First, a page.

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Another tax proposal

Sunday, 30 October, 2011

The numbers here were far too pessimistic.

The multiple can and should be much lower. Due to the attempt to not cover the Occupy movement, we now know the line between the haves and have nots rest just below $325000.

Using the above referenced formula, with a minimum wage salary of $14514.50 per year, that multiple can be as low as 23 rather than the 150 in my ignorant proposal some months ago.

Just for fun, let’s set it to 25. That means all income beyond the sale of real property or capital gains not immediately rolled into another variety of investment after $362862.50 would be taxed at 84%. I’ll go further and propose that once you get beyond a multiple of 30, or $435435.00, those monies would be taxed federally at 115%. You want to keep money in the economy and working for something that looks like the greater good? This is it.

Remember this is tied to hours worked and the minimum wage. If you want to raise those numbers readily, you have to raise the minimum wage. Those workers are pretty much conduits for currency anyway and that money will always go immediately back into the general economy. I am not entertaining any AM-radio BS about raising the minimum wage hurting the economy, this effect has never been seen. To the contrary.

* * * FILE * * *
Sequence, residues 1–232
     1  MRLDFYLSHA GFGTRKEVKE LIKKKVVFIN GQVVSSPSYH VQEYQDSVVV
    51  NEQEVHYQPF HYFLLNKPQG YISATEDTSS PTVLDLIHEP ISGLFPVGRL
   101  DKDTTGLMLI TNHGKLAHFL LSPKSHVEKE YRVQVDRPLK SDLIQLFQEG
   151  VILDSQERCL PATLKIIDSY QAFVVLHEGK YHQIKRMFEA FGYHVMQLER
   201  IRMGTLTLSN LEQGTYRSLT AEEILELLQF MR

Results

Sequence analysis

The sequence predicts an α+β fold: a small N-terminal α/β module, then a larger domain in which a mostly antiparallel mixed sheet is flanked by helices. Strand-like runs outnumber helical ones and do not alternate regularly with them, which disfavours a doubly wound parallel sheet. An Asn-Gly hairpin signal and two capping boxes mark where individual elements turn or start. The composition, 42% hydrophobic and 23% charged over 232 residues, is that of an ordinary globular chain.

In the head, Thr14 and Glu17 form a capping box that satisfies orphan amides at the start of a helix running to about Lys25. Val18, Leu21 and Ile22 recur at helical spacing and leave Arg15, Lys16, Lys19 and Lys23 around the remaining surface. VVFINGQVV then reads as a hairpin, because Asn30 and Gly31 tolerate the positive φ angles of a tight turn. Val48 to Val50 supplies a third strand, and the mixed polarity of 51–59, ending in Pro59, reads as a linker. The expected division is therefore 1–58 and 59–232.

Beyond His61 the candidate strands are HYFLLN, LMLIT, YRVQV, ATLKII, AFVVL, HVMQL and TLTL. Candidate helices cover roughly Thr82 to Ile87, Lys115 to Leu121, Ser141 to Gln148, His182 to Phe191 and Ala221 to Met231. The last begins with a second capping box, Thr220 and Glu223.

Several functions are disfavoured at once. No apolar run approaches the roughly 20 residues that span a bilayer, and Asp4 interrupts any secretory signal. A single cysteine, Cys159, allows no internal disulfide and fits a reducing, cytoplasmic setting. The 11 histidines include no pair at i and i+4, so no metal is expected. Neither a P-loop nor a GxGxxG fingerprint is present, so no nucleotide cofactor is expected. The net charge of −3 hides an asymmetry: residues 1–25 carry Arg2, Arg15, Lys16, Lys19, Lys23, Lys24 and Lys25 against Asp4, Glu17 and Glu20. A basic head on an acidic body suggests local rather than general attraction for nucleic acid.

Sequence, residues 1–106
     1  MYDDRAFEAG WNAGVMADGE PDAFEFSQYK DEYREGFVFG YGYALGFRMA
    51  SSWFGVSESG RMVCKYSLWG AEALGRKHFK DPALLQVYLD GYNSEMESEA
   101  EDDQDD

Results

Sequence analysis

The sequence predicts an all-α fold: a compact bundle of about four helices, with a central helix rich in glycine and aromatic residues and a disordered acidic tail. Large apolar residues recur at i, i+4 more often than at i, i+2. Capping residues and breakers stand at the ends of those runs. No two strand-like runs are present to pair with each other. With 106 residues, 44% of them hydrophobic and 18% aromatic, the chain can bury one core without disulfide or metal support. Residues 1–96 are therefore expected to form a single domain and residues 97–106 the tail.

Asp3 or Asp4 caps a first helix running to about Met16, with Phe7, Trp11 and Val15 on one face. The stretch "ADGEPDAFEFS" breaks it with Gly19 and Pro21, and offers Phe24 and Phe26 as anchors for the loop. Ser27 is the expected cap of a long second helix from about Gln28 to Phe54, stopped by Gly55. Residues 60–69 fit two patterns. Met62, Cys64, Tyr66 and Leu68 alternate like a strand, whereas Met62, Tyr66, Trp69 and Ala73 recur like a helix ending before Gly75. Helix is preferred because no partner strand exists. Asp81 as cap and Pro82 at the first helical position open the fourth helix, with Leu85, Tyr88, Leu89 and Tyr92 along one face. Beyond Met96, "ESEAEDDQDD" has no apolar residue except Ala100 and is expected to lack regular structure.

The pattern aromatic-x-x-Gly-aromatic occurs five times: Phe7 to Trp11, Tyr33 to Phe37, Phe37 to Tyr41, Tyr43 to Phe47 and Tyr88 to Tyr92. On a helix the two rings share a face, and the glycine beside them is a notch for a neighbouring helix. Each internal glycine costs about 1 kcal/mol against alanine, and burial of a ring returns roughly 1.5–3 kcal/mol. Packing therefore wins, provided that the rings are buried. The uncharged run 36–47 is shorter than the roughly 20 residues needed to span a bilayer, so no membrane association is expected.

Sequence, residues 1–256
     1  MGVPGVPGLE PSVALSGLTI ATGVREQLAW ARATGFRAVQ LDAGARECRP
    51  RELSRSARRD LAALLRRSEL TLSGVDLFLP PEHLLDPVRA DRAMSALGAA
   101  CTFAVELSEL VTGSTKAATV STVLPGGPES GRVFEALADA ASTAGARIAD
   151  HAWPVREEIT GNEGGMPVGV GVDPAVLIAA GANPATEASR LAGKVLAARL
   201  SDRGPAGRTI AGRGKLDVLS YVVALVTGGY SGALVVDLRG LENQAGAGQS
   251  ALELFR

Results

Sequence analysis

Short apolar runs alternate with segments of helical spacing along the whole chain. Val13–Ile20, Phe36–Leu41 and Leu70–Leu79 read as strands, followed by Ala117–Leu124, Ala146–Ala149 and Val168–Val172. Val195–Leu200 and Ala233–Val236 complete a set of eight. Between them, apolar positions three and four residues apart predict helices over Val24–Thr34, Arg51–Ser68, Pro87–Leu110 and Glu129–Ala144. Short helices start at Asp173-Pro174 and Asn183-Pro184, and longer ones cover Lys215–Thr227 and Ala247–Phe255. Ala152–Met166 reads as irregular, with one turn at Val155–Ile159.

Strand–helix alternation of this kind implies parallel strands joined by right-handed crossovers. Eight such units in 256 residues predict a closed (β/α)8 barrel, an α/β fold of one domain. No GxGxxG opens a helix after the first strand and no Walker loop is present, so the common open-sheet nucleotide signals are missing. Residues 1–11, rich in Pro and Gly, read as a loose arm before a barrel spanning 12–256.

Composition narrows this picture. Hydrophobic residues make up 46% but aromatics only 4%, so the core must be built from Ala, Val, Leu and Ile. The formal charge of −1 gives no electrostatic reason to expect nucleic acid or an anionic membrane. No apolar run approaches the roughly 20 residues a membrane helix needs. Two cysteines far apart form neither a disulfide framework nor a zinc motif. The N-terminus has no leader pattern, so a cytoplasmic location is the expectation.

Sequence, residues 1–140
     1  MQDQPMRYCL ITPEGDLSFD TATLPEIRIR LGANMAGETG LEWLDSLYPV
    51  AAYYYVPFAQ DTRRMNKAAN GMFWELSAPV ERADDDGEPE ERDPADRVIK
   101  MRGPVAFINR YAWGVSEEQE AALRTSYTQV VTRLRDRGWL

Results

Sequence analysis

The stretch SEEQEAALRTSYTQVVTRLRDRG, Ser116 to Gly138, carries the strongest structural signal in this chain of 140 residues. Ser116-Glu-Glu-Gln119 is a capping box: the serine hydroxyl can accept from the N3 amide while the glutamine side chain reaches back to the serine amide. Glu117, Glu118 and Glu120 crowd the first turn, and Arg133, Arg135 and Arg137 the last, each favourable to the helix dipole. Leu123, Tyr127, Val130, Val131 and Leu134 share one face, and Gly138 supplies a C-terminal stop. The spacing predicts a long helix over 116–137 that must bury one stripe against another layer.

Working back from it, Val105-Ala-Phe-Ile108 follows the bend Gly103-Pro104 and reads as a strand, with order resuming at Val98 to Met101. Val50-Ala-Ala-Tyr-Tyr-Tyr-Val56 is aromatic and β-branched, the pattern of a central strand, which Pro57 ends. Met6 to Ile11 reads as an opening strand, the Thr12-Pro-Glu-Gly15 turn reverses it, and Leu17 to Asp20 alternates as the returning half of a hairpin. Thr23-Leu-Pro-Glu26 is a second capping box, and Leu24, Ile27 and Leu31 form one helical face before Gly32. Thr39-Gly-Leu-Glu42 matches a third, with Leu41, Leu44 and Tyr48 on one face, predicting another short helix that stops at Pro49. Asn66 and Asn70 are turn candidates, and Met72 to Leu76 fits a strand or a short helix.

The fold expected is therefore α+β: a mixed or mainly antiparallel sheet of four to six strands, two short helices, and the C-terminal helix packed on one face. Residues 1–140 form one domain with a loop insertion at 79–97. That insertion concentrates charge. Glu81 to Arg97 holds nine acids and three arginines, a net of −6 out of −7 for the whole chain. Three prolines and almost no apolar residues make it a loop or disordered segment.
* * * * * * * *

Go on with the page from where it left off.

This results in a national maximum take-home pay of $9630.30 biweekly. Think you can scrape by on that?

I’m still working out the nature of what to do with professional athletes, actors, inventors and the like who may find themselves in short-term, high-wage situations. I suspect the solution lies with something not unlike a 401(k), but more ambitious.

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